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It’s Chili SZN! Your Pots Will Suffer Unless You Buy These Two Things Right Now.

SqualorJolie Kerr is a cleaning expert and advice columnist. She’ll be here every week helping to answer your filthiest questions. Are you dirty? Email her.

The other day I caught myself, mid-sentence, saying these very seasonal words to some friends, “Maybe next weekend I’ll make a big pot of chili and have you all over for football.” Then my tan faded immediately from my skin and my feet turned to ice blocks because there is no truer indication that summer is over than the first “maybe I’ll make chili” day. So, okay. Here we are, officially in fall, and we could heave and sigh over it or we could embrace it for its charms: Sweater Weather, football and, yes, chili.

But with chili comes a problem: The long cooking time naturally lends itself to burnt-on food getting, well, burnt on to the bottom of your chili pot. However! I am in the solution business and so today we shall cover the solution to this very burnt-on problem. Actually two of them, because I’m a giver.

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Baking soda is AMAZING at cleaning pots and pans, which is great because it’s cheap and also because most households already have a box of the stuff stashed somewhere. It’s especially effective when paired with a Dobie Pad, which is a non-scratch scrub sponge.

The Scotch-Brite scrub sponges are also great, but they can leave scratches, especially on stainless steel cookware. Now, you might not be bothered by that (I’m of the opinion that pots and pans don’t need to appear factory new, but I also understand the desire for pristine-looking cookware) but if you do want to avoid scratching, opt for the Dobie over the Scotch-Brite.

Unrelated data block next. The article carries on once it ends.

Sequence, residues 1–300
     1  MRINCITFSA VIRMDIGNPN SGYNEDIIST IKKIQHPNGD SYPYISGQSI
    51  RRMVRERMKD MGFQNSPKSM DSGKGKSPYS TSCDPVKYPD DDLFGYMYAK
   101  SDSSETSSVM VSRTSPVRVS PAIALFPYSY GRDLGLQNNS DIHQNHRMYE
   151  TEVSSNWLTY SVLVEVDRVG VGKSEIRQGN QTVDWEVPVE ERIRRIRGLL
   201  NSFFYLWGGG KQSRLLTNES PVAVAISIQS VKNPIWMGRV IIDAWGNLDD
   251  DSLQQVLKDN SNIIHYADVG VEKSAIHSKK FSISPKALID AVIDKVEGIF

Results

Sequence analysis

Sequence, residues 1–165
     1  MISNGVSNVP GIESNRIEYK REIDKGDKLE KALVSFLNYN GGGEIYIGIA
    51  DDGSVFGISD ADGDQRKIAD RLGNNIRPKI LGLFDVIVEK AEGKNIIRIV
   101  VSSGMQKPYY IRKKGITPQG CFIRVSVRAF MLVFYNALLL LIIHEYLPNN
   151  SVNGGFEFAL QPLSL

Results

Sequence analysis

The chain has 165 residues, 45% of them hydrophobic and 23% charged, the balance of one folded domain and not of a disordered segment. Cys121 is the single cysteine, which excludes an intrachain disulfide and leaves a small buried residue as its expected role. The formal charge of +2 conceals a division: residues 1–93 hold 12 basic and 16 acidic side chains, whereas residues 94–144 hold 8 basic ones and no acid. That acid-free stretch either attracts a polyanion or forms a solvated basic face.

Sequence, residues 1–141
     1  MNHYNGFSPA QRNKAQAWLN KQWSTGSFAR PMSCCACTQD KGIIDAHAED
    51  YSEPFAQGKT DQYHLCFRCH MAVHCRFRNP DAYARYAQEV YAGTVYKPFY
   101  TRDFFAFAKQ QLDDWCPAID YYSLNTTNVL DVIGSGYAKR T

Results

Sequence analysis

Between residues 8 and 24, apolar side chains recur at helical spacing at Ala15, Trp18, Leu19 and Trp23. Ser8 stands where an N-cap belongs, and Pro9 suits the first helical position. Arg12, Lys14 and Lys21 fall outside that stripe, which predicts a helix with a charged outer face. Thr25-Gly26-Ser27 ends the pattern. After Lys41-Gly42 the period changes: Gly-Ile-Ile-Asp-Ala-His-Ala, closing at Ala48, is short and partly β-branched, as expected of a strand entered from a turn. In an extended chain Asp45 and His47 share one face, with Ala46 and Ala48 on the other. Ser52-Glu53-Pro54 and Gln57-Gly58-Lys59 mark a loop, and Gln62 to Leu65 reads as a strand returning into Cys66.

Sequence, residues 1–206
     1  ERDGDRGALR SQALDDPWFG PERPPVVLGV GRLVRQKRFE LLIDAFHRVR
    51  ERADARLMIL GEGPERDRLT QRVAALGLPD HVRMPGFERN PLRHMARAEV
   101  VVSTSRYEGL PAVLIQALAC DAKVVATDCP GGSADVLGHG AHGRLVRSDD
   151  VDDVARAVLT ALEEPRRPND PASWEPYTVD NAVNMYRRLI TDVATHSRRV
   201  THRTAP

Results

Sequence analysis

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There are two different ways to use baking soda to tackle burnt-on food, both are good, but one lends itself to more egregious scorched pot situations than the other.

If you have a pot that has a bit of burnt-on food and the kind of staining that comes from general usage, use the baking soda as a scrubbing agent. Add a small amount of water to the bottom of the pot, get your sponge wet and sprinkle a liberal amount of baking soda either in the pan or on the sponge. Then: Scrub. This technique is even more effective if you get the pot slightly warm before you scrub, just be mindful not to burn your hands.

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For more serious scorch marks and burnt-on foods, a more passive approach, one that will save you a lot of elbow grease, is the better solution. Here’s what you’ll do: Cover the bottom of the pan with baking soda, fill it about a third of the way up with water, put it on the stove and bring the whole shebang to a boil. Then, let the water cool, transfer the pot to the sink and use your scrub sponge of choice to scour the pot. The burnt-on food should come right up! After scrubbing, dump the baking soda solution and wash the pot as usual with hot soapy water.

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Years ago, I had lunch with some of the OxiClean people who were trying to woo me into writing about their product, which was silly because I was already an OxiClean evangelist. The spirit of Billy Mays lives within me!

ANYway. During that lunch, the subject of unusual uses for Oxi came up and they confessed to me, in hushed tones, that their favorite unofficial use is to clean enameled cast iron dutch ovens like the ones made by Le Creuset or Staub.

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The idea behind using Oxi is pretty much the same as the baking soda boil I described. Sprinkle some Oxi in the pan, fill it about a third of the way up with water — more if the sides of the pot are badly stained, but not too full since you’ll be boiling it up — and bring it to a boil. Remove it from the heat, let the water cool, move it to the sink, give it a scrub, dump the solution and wash the pot very well with hot soapy water to remove the OxiClean residue.

Oh right and! For this operation, you’ll want the OG Oxi, not one of the more specialized formulas.

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About the author

Jolie Kerr

Jolie Kerr is a cleaning expert, advice columnist and the host of the podcast Ask a Clean Person